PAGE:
Daily profit and loss settlement (mark to market)
The daily profit and loss settlement (mark to market in English) is a way of accounting for gains and losses in an investment portfolio transaction made up of financial assets, valuing the accounting record of all open positions based on current market prices.
These new prices are what will determine the new guarantees that the investor will have to replace in his portfolio and will mitigate an erroneous control of the positions of the clients of financial institutions.
This model is very useful for entities to present their accounting for their earnings statements. In turn, it is a model used by many institutions since they allow measuring financial risks in real time and the leverage positions of their clients or margin calls (margin call) and allow actions to be taken so that clients comply with their obligations to cover market guarantees.
This valuation is taken into account especially in products such as financial derivatives or the purchase and sale on credit, but also in the accounting of a company where assets are recorded in the books at their real price or book value.
Example of daily profit and loss settlement
We must bear in mind that a financial institution has to liquidate the positions of its assets with the client and with the market.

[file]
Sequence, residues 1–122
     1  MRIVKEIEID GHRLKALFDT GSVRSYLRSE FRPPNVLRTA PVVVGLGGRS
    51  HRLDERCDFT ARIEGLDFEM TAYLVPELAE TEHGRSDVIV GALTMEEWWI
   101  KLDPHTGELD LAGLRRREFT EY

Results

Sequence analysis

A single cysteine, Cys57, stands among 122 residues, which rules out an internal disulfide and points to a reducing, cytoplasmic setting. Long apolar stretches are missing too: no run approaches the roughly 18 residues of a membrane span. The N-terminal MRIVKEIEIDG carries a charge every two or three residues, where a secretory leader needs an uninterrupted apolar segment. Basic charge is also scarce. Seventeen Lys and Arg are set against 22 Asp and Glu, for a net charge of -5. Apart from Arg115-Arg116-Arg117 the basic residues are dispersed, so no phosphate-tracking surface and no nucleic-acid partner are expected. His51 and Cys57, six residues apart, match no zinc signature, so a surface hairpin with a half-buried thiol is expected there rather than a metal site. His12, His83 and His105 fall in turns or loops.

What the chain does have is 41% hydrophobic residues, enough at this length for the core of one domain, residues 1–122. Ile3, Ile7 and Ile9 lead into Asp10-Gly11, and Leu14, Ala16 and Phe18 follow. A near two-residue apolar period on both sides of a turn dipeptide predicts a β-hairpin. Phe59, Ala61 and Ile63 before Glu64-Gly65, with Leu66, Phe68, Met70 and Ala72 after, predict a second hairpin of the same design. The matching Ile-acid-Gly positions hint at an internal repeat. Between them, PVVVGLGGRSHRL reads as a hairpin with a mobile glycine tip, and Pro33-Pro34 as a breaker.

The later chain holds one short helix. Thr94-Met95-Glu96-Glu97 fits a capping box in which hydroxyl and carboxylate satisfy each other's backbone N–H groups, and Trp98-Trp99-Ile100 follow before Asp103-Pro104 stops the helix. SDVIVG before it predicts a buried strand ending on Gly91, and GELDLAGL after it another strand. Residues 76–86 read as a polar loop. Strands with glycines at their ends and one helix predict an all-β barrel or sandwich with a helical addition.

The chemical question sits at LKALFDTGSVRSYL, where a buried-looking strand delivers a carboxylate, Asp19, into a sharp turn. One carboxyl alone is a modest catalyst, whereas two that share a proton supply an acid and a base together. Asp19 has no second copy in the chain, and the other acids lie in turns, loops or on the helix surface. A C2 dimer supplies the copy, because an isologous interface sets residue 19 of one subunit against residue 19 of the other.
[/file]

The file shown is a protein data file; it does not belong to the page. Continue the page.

- The settlement of positions with the client is done in real time, in such a way that the client will be able to see the profit or loss of his portfolio in real time as well as its settlement in the event that he closes his outstanding positions.
- The settlement with the market is usually done through the scoring position of the financial institution with the clearing houses as well as with the depository entities and is usually done in D + 1. The procedure is carried out through movements of global balances of all clients, where you can see the total guarantees to be provided and then the entity adjusts the guarantees correctly for each client based on the assets that it negotiates. In turn, the titles of each security that the entity has with its custodian are reconciled to verify that the delivery of the securities matches the operations of the clients.
Let's look at a very simple example of a real-time trade and its profit and loss settlement:
Pedro buys a Futures of the Eurostoxx50 at a price of 3,000 points and decides to sell it after two hours at a price of 3,020 points. To do this, it deposits guarantees of 8,000 euros, taking 10,000 euros into account and pays 2.50 euros per operation:
The settlement of the operation is as follows in the movements of the cash account:
Refund of guarantees 8,000 euros H (Credit)
Operation commission 5 euros D (Debt)
Operation profit 200 euros H (Credit)
Total balance 10,195 euros H (Credit)
We must bear in mind that the multiplier per contract of the index is 10 euros. Therefore, since Pedro has gained 20 points in the operation, we have that the benefit is 200 euros. We say that the multiplier is 10 euros because the Futures contracts have standard contractual conditions and, in this case in question, the multiplier of the Futures of the Eurostoxx50 is 10 euros, the profit formula in this example being the following:
Total profit = Operation profit * Multiplier = 20 points * 10 = 200 euros